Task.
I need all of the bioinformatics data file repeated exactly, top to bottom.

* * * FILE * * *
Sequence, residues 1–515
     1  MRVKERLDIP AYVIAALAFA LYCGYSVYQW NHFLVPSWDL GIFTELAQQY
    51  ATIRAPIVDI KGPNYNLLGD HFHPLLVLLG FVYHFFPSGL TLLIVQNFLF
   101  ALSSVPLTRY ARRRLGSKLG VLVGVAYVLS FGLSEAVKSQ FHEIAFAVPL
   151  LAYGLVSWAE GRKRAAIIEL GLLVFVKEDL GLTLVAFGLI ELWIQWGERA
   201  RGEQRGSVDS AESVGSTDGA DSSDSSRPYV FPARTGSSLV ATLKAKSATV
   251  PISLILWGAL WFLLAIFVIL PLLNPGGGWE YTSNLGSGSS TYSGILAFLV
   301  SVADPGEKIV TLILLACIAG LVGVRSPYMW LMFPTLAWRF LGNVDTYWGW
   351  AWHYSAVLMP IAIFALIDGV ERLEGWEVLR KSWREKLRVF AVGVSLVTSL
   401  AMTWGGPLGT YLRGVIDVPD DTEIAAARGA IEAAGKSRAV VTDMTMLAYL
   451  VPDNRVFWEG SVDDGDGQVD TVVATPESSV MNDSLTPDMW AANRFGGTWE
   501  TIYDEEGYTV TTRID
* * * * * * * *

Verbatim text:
Sequence, residues 1–515
     1  MRVKERLDIP AYVIAALAFA LYCGYSVYQW NHFLVPSWDL GIFTELAQQY
    51  ATIRAPIVDI KGPNYNLLGD HFHPLLVLLG FVYHFFPSGL TLLIVQNFLF
   101  ALSSVPLTRY ARRRLGSKLG VLVGVAYVLS FGLSEAVKSQ FHEIAFAVPL
   151  LAYGLVSWAE GRKRAAIIEL GLLVFVKEDL GLTLVAFGLI ELWIQWGERA
   201  RGEQRGSVDS AESVGSTDGA DSSDSSRPYV FPARTGSSLV ATLKAKSATV
   251  PISLILWGAL WFLLAIFVIL PLLNPGGGWE YTSNLGSGSS TYSGILAFLV
   301  SVADPGEKIV TLILLACIAG LVGVRSPYMW LMFPTLAWRF LGNVDTYWGW
   351  AWHYSAVLMP IAIFALIDGV ERLEGWEVLR KSWREKLRVF AVGVSLVTSL
   401  AMTWGGPLGT YLRGVIDVPD DTEIAAARGA IEAAGKSRAV VTDMTMLAYL
   451  VPDNRVFWEG SVDDGDGQVD TVVATPESSV MNDSLTPDMW AANRFGGTWE
   501  TIYDEEGYTV TTRID